When the arguments drawn from the self-evident principles of natural science, to prove intrinsically the natural impossibility of revealed mysteries, are impartially considered, it will appear that they shew nothing more than that the possibility of these mysteries is intrinsically obscure; but not that the impossibility of them is intrinsically evident.

Can the man who denies the existence of the Trinity of persons in God, demonstrate to a higher degree of evidence that the possibility of this mystery is repugnant to any self." evident principle of natural science; than he who denies the fact of the creation of the world, can shew that the possibility": of creation is repugnant to the principle“ ex nihilo nihil fit ?" . And yet how often does it happen that those who deny the mystery of the Trinity, admit of that of the creation; though, when both are intrinsically examined, the impossibility of the one can no more be demonstrated by the self-evident princi- * * ples of natural science, than the impossibility of the other & CHAPTER IV.


TRUTH or REVEALED DOCTRINES, UNLESS IT CAN BE PROVED BY INTRINSIC DEMONSTRATIVE EVIDENCE.-Uncertainty in religious doctrines.-Infidelity.These consequences appear in the history of religious opinions, since the changes made in religion in the 16th century.- Reason and revelation not opposed to each other.The province of reason, in the search of

revealed truths.Religious liberty. IF the truth of any one of the revealed doctrines of Christianity can be resonably denied by any individual, because he cannot intrinsically demonstrate it, by shewing the connéxion of the doctrine with some principle of natural science; what mystery, what doctrine of the Christian religion, can such a man consistently support or believe? If on that ground he denies the truth of the doctrine of the real presence, or of transubstantion, must he not, to be consistent with himself, deny the truth of the doctrine of the Trinity of persons in God; of the union of two natures in one person in Christ; of original sin; of the resurrection of the dead; of the eternity of torments in hell ; of the creation of the world; and, indeed, of all the revealed doctrines of Chris. tianity, since they all relate to objects which, intrinsically considered, have no connexion with the principles of natural science! It is evident, therefore, that the inediun of intrinsic demonstrative evidence cannot be reasonably applied to the objects of divine revelation, and that when perversely followed in this respect, as a medium of the certitude of revealed truth, it must lead to uncertainty in matters of religion, and even to absolute infidelity.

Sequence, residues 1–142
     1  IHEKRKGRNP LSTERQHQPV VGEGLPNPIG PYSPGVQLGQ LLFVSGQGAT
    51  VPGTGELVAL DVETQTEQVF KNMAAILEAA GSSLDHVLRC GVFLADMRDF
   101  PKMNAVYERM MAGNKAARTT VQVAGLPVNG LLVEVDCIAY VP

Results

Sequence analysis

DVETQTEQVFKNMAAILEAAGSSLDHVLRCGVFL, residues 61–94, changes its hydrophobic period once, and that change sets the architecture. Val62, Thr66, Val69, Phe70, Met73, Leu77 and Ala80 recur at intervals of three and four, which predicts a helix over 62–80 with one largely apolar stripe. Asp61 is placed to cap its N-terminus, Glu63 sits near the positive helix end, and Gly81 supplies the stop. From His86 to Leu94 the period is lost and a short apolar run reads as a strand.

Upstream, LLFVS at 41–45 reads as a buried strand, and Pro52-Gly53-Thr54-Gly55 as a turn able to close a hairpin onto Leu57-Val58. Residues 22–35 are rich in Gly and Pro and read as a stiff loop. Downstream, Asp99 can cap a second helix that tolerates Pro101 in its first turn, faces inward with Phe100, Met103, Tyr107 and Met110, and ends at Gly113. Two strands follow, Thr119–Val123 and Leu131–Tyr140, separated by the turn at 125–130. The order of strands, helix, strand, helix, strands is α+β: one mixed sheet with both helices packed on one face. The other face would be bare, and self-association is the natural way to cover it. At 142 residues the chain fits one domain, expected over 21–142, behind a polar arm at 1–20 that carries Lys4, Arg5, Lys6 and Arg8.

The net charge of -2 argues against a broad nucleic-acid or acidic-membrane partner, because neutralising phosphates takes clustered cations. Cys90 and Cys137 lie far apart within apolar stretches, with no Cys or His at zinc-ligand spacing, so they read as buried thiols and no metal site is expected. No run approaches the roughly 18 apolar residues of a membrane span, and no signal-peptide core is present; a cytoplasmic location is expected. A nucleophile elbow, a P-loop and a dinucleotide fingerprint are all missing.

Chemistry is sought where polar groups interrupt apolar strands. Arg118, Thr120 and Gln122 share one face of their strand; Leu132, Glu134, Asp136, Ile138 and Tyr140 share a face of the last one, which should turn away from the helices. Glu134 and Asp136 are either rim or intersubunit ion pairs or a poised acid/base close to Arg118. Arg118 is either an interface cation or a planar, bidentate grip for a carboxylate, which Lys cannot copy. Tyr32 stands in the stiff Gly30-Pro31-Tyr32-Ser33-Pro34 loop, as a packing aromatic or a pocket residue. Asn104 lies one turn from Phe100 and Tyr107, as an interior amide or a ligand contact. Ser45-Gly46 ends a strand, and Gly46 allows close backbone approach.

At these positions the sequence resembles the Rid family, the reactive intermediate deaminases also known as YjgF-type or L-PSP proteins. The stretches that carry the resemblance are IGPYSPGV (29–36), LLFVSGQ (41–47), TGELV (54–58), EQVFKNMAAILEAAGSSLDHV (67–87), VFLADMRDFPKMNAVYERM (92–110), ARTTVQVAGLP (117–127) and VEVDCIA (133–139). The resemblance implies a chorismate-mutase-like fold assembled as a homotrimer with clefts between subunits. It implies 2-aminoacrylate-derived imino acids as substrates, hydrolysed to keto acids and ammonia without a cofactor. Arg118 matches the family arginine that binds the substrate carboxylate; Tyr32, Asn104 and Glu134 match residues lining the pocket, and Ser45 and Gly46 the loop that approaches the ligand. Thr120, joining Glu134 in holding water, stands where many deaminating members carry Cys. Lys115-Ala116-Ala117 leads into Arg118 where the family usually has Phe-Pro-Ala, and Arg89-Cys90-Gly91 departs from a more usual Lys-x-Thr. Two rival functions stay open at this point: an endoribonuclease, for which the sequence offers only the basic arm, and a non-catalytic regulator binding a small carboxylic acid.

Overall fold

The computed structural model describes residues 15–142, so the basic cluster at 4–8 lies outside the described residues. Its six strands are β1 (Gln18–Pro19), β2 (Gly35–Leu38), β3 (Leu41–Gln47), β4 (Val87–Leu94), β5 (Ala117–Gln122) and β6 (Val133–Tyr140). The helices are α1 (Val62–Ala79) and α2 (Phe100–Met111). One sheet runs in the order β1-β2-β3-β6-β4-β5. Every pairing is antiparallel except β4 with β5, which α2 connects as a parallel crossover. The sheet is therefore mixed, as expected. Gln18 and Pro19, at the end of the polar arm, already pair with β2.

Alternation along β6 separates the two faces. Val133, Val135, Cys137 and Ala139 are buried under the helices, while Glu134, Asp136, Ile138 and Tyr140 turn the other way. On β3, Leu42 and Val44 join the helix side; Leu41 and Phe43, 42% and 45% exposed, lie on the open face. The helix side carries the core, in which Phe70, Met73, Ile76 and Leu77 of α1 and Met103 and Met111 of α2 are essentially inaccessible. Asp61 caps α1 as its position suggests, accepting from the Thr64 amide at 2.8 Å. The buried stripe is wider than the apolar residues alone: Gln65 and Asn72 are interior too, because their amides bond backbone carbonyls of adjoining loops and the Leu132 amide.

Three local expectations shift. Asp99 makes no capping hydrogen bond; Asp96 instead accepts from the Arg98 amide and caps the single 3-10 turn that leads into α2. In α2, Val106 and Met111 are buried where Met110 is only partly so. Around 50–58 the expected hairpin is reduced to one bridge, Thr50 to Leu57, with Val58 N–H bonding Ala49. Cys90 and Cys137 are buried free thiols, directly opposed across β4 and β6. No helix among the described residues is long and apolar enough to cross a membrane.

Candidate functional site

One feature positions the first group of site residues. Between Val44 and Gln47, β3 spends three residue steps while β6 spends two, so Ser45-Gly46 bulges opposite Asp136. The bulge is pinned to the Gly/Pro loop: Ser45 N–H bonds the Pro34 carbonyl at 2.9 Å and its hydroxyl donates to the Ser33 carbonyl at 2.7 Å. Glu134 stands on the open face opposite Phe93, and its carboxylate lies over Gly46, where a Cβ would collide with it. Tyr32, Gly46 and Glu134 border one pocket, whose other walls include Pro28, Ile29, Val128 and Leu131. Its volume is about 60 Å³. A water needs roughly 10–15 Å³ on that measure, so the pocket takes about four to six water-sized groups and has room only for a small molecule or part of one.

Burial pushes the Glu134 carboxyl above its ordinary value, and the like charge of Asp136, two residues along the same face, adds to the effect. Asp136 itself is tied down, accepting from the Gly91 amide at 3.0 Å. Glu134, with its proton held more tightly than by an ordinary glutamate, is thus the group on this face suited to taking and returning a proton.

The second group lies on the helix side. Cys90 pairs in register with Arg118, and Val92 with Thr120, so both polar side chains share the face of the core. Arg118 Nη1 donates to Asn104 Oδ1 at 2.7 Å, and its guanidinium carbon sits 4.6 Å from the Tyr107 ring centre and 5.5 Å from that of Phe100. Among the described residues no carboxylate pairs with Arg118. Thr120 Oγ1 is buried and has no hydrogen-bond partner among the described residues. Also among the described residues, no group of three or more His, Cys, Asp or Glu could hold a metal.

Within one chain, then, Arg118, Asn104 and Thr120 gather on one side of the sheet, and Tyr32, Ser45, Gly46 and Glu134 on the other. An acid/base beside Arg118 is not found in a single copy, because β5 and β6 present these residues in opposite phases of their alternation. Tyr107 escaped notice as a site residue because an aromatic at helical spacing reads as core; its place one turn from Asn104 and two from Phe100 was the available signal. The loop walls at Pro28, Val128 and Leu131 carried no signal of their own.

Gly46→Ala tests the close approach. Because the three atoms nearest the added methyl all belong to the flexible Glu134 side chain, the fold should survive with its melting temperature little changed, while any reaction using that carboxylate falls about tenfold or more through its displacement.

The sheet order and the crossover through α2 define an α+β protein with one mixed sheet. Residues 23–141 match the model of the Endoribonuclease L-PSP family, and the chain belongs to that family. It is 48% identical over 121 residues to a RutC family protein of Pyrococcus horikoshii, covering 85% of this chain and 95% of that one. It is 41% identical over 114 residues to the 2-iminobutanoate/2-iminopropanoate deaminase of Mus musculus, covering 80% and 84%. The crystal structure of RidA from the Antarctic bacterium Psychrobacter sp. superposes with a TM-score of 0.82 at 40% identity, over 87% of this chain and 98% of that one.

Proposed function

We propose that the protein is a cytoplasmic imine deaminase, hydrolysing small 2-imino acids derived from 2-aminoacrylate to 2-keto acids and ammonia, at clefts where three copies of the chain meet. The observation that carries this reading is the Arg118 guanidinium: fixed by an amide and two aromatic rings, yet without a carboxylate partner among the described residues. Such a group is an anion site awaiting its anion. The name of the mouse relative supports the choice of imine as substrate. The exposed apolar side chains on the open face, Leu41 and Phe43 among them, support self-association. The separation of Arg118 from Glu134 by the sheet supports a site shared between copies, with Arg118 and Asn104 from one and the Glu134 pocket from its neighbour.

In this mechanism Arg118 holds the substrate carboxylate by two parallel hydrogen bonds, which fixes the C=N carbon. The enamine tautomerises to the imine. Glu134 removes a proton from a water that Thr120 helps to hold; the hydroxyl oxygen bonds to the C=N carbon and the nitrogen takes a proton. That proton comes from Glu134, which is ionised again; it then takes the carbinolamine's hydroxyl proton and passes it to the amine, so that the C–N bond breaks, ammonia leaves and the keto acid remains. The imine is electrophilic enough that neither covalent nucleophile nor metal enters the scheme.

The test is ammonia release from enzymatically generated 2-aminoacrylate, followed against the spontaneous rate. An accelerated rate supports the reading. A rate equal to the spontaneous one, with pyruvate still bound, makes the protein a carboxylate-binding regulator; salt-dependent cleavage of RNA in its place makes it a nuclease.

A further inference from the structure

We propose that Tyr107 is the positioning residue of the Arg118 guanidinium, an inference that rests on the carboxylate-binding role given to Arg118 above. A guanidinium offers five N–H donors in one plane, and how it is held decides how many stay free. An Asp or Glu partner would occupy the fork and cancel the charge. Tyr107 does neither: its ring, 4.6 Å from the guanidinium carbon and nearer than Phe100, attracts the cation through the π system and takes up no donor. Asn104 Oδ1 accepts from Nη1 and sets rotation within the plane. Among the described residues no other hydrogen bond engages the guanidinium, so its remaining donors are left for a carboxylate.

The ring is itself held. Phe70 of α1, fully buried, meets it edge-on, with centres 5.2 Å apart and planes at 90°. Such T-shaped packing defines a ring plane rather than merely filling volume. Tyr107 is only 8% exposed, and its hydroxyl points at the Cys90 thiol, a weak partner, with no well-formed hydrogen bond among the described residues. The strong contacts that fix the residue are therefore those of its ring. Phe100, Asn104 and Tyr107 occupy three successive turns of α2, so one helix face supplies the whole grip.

This is not a mere speculative and possible consequence of the rule of determining the truth or falsehood of revealed doctrines by the intrinsic demonstration of the agreement or disagreement of the objects of these doctrines with the principles of natural science. This consequence has been fully proved to have been realized in the history of religious opinions, that have been adopted by those who have folowed this rule of judgment. This has been shewn by a multitude of writers; and lately by a Protestant minister, the late Baron de Starck, in his “ Entrétiens Philosophiques," translated into English, under the title of “ Philosophical Dialogues on the Reunion of the different Christian Communions.” Is it not by a direct consequence from this principle, that the Trinity, the divinity of Christ, the truth of the Sacred Scriptures, and other articles of revealed religion, are publicly denied, at present, in this country? On what principle can these errors be consistently condemned or d'efuted, by those who admit that the truth or falsehood of the doctrines of revealed religion is to be proved by intrinsic arguments, drawn from the principles of natural science ?

Is then the light of reason to be extinguished by revelation ? Is the total exercise of natural reason to be pro. hibited in the search of religious truths ? No, certainly not. The truths which are the objects of reason and of revelation are distinct, and are .grounded on distinct motives of așsent. Reason and revelation have their separate provinces, in which they may respectively exercise their rights.

Revelation leaves reason free to range over the vast field of nature, and to pursue the study of natural and moral truth by the principles of natural science. Revelation brings a new light to the human mind, by infusing a sublime knowledge of supernatural truths, and by giving additional testimony, perfection, and sanction to the truths and precepts of the moral law of nature. But revelation opposes , no obstacle to discoveries and improvements in the natural .sciences. Indeed, have not civilization and literature been introduced into many countries, by those who introduced the belief of the doctrines of revelation? Has not reason been improved, to the highest degree, in minds enlightened with the knowledge of revealed truths ? Were an Origen, a St. Chrysostom, a St. Augustin, a St. Jerom, in former ages; or a Bossuet, a Fénélon, a Pasel